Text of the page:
B-Towners ditch vibrant tones in favour of whites and blacks…
The quartet of ivory, off-white, white and black dominated Diwali parties this season. Imran Khan’s wife Avantika Malik cut an elegant figure in an ivory, jewel-toned tasseled sari, while designer Masaba Gupta paired her fresh-off-the-runway white sari, which had gold accents with a black off-shoulder blouse. Always a style rebel, Sonam Kapoor picked an off-white Anamika Khanna creation and Swara Bhaskar opted for a white anarkali silhouette outfit, which had sheer sleeves. Natasha Poonawalla accented her black and gold attire with a statement-making gold choker. Vidya Balan too went tone-on-tone with an off-white sari, which had white threadwork embroidery on it. What is it about the monochrome palette which makes it such a favourite among our B-Town beauties? Blacks and whites are no longer funereal. Perhaps, it has a lot to do with the fact that the actresses are moving towards inculcating a strong sense of individual style.
Designer Paras Modi of the label SVA observes that gone are the days when black and white are considered unlucky colours to include in festivities. He says, “People nowadays prefer colours that are more reflective of their personal style and are open to experimenting with new styles. Black and white are colours that make a statement in Indian wear. They add a certain sophistication and elegance to an ensemble. Hence, monochrome trend has been one overwhelming winner of the season in celebrity’s wardrobes. Embroideries and details look great on monochromes. Beautiful gold embellishments work well with black and white for Indianwear. One can opt for cape crop tops and cold shoulder styles with minimal jewellery.”White is the new black!
Designer Arpita Mehta, who recently showcased a festive collection which was heavy on black with gilded accents says, “White/cream is the new black and black is the new white! While white is elegant, black is bold. Both these colours have a unique quality of versatility which makes it an easy favourite in today’s dressing. It is no longer necessary to wear a bright colour for a festive event. These colours add an instant edge to a look. Not only are these colours worn during Indian festivals but also at Indian weddings. So many modern brides are opting for cream for their wedding day.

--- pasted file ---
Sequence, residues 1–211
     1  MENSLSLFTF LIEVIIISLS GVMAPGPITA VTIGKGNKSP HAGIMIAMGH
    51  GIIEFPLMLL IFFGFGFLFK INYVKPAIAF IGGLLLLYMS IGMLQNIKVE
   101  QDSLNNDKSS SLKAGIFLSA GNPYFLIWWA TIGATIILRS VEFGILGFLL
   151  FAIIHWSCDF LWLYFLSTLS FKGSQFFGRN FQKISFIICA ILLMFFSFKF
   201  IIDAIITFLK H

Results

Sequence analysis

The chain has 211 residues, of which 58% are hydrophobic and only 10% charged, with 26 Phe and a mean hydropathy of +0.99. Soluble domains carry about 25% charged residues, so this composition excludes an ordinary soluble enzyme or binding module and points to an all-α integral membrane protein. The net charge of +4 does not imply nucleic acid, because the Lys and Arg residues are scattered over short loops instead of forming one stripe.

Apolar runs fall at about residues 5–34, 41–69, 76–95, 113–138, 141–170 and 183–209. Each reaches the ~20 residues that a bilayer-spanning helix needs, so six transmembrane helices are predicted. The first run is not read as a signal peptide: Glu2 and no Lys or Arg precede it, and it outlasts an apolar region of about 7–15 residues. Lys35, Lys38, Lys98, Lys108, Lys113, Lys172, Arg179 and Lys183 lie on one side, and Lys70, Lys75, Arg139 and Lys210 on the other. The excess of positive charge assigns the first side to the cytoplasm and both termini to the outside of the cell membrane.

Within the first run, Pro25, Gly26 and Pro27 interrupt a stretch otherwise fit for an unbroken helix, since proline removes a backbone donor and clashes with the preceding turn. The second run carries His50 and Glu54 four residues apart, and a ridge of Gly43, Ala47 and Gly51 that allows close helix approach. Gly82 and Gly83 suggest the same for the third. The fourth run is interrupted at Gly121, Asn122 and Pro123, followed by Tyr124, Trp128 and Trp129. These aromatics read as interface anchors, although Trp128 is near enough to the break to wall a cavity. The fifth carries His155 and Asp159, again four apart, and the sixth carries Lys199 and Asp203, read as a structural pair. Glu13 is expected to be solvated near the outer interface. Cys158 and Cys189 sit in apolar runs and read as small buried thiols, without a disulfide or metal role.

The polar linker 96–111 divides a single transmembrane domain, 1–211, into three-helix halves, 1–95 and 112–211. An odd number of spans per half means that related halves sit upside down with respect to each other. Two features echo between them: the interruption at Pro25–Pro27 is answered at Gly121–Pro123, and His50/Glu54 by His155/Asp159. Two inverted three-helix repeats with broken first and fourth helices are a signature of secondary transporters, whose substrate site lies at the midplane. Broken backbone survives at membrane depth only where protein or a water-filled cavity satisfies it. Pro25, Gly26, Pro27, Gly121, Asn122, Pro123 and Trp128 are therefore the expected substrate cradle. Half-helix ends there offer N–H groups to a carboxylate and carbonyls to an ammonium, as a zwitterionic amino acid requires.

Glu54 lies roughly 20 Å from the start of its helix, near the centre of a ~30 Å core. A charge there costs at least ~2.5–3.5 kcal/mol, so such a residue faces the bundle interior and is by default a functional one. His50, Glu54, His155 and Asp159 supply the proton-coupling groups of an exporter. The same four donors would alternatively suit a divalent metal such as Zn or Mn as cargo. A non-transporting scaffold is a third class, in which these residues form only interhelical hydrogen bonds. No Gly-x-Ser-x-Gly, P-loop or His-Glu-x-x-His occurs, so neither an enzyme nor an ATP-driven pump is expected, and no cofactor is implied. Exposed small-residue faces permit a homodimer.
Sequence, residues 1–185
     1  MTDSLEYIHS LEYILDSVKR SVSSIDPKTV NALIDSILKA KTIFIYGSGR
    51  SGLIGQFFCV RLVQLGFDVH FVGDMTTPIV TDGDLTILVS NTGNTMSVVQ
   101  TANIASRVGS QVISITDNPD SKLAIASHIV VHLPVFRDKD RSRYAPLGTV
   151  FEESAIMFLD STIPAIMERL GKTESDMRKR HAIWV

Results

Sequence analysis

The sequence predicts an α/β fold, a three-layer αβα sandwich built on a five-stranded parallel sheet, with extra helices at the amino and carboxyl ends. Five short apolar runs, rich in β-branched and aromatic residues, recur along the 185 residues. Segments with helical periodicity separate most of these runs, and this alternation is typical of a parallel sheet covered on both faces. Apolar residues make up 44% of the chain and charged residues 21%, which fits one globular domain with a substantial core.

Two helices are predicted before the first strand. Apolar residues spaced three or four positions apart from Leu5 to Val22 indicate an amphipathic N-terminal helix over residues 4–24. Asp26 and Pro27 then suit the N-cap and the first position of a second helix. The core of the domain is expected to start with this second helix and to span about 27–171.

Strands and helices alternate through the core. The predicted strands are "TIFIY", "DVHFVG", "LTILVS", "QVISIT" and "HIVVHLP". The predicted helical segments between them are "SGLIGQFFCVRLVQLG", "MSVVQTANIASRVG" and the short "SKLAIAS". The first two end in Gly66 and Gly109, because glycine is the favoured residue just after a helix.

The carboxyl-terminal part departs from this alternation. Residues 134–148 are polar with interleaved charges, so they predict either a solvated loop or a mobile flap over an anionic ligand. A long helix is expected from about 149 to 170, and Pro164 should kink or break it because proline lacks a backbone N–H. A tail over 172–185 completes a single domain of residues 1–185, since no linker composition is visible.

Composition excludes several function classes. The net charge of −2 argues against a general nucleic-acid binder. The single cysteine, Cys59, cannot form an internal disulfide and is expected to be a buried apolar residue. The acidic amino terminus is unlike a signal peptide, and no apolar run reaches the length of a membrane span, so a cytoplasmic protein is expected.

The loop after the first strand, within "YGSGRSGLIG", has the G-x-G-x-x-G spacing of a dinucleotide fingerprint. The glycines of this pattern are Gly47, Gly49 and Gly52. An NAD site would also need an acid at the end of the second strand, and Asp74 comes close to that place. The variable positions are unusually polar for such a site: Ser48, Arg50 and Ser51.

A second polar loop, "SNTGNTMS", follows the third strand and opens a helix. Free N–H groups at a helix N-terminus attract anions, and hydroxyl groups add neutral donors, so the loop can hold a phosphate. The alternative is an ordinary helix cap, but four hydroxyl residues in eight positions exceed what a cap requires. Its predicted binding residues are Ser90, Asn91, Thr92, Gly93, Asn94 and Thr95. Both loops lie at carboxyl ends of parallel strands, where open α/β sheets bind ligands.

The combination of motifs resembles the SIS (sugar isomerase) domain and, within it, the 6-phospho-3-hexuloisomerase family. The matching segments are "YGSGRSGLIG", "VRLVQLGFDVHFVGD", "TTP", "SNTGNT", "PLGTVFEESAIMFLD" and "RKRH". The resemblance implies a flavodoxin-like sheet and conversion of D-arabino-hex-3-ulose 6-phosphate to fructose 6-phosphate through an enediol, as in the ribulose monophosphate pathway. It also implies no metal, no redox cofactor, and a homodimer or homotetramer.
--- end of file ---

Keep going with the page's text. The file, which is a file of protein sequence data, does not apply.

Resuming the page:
Mehta observes that awareness, more exposure and freedom of style has brought about this change. She adds, “Earlier people wore bright colours because they had to wear it due to family or certain pressures (which still persists though much lesser). However, now people have become more open and individualistic about their choices. Which in turn is a great twist in Indian festive dressing. The best way to do white/cream is to go sexy on the silhouette…since white looks outstanding on Indian skin.”
Monochrome: new staple
Designer Payal Singhal says, “Black and white have become the new staples for Indian wear because they are classic neutrals. Black Indian wear is sensual and white is graceful and beautiful. Culturally I think these colours always existed in Indian women’s wardrobes. It’s just now that they even wear them during wedding functions but they would still not wear them during the pheras. Wearing black or white is actually really easy as they are neutrals and you can accessorise with any contrasting pop colours or mettalics like gold or silver. “
Florals are cliched
Designer Monica Shah of label Jade says, “Floral patterns and other typical festive motifs have become too cliched, and the ease of working out the high contrast look, is why black and white are being picked increasingly for festive outfits.”
Designer Ritu Kumar says, “Black and white is taking the festive season by storm. New inventive ways of blending these flattering colours with embellishments and embroidery take them to new levels. This change was brought about by the fact that these colours complement a variety of skin tones and make you look chic and sophisticated.”
Source by dnaindia…